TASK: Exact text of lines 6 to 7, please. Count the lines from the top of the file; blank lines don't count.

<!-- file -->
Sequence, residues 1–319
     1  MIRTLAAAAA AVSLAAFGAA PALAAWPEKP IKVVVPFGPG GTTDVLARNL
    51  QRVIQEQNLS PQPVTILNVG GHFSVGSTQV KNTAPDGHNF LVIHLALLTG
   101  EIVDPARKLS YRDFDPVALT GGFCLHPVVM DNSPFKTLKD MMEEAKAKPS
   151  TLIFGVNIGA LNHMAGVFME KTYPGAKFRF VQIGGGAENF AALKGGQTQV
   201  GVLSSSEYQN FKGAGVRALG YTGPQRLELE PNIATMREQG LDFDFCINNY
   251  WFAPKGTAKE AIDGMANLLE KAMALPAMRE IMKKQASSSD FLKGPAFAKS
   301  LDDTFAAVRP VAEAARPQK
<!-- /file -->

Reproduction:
   201  GVLSSSEYQN FKGAGVRALG YTGPQRLELE PNIATMREQG LDFDFCINNY
   251  WFAPKGTAKE AIDGMANLLE KAMALPAMRE IMKKQASSSD FLKGPAFAKS